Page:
The APNU/AFC coalition claimed the election win on March 2. The PPP opposition rejected this claim and spoke of widespread fraud. International observers from the US, Canada, Britain, the European Union, Caricom and the OAS also questioned the credibility of the election results and demanded a recount in their presence. The US threatened to block foreign funds from Guyana and, as well as Canada and England, by not recognizing the legitimacy of a new government under President Granger. The Caricom even threatened to move its headquarters in Georgetown (the capital of Guyana) to another Caribbean country if Granger continued to reject a recount. As a result of the struggle between the government and the opposition over the outcome of the elections, ethnic tensions in the country increased. In riots between Indo- and Afro-Guyanese in march and April, some people were injured and one was killed.
After more than a month of wrangling over the election result and under great international pressure, the Guyanese government finally agreed to a recount. President Granger and Bharrat Jagdeo (former President and Secretary-General of the PPP) agreed to accept the outcome of the recount, which would take place under international supervision. The recount of the 465,000 votes and 2,339 ballot boxes took more than 33 days. However, when the then incumbent President Granger became clear that the opposition PPP was ahead, he rejected the result of the recount, despite his earlier commitment, by talking of fraud in the vote. During the recount, it became clear that Granger’s party had been defrauded at the earlier count. The recent election in Guyana calls for reminiscences of the Burnham government, which was able to stay in power for more than three decades thanks to widespread fraud. In the unofficial result announced by the Guyanese Electoral Commission on Monday 8 June, the PPP won 33 seats and President Granger’s APNU/AFC 31. With this result, the 40-year-old Irfaan Ali (1980) becomes the new president of Guyana on behalf of the PPP. He was previously an MP and minister in the PPP government. With Granger’s rejection of the election result, new violent clashes between Indo and Afro-Guyanese in Guyana should not be ruled out.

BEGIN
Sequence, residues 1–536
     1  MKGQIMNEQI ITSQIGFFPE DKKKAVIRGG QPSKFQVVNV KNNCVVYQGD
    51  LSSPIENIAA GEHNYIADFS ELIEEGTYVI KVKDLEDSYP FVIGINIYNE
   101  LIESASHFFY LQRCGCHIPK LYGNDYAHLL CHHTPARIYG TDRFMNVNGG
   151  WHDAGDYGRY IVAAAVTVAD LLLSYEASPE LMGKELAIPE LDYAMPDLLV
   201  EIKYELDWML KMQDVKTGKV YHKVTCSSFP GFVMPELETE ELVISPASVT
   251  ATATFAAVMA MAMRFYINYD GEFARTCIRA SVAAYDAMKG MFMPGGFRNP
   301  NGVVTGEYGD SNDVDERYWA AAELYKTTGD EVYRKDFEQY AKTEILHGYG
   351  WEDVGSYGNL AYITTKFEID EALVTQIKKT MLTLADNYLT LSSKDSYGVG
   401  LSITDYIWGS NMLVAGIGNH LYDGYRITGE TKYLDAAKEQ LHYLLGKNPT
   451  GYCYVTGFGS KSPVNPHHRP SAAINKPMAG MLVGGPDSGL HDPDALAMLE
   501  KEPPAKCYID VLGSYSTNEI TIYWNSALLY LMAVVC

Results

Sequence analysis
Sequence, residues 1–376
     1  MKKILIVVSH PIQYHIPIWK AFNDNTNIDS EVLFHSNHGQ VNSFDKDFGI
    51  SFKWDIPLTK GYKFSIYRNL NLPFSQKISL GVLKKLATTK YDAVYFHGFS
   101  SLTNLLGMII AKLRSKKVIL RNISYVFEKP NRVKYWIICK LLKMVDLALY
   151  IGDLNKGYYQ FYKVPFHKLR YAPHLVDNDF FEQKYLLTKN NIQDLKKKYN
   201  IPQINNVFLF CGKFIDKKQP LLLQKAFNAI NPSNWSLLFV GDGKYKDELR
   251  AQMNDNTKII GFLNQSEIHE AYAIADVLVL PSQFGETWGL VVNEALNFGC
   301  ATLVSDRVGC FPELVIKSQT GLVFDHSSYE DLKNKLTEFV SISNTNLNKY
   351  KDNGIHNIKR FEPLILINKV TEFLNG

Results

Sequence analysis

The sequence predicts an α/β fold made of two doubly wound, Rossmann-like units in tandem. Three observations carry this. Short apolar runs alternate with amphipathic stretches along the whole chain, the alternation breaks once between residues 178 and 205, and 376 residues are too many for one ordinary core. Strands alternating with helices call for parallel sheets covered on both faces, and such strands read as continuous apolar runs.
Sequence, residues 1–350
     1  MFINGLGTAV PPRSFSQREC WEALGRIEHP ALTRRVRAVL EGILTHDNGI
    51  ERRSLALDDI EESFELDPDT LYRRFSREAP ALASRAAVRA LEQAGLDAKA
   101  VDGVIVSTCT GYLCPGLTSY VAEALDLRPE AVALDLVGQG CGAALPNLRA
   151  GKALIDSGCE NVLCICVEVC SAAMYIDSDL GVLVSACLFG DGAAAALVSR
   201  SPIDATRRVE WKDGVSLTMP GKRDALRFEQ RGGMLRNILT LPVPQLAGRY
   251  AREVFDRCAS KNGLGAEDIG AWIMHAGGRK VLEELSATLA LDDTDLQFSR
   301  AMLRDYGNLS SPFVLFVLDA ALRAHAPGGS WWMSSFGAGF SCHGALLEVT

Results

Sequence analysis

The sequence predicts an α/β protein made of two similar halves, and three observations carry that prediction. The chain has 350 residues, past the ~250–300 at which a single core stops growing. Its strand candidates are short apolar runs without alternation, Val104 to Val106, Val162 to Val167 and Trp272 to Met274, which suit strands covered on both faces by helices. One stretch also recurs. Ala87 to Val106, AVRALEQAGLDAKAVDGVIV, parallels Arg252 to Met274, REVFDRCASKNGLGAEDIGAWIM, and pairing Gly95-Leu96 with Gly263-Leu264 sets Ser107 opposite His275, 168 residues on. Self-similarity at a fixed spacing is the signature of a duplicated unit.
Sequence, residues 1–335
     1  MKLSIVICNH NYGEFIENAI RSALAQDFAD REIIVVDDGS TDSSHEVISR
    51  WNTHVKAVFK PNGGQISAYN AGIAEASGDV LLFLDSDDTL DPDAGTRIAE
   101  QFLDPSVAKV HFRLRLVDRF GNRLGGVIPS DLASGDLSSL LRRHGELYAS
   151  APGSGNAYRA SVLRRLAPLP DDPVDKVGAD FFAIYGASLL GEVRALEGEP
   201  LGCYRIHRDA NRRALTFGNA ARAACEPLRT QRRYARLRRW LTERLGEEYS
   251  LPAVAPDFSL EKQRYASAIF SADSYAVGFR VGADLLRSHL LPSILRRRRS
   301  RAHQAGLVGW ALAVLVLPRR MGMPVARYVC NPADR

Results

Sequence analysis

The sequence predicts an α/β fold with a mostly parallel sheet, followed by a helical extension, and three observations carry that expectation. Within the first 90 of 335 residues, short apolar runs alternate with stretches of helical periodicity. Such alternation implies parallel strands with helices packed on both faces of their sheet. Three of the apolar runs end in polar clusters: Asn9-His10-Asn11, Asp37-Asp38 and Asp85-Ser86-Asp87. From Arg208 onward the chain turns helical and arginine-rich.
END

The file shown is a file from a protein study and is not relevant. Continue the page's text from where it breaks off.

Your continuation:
Granger’s attitude is similar to Bouterse’s: both do not wish to accept the election result. Both Bouterse and Granger promote free and fair elections, but their actions prove otherwise. In Caribbean political circles, President Granger is described as a “sanctimonious gangster” [sanctimonious gangster – quote from John Beale, former ambassador of Barbados to the US and to the OAS, quoted in Inewsguyana.com,6 June, 2020: ‘Opinion: Zero Tolerance for any violation of democracy in Guyana’]. Like David Granger, Desi Bouterse is a suit from the same sheet. The attitude of both represents an undermining of the democratic process in their country and shows their undemocratic institution.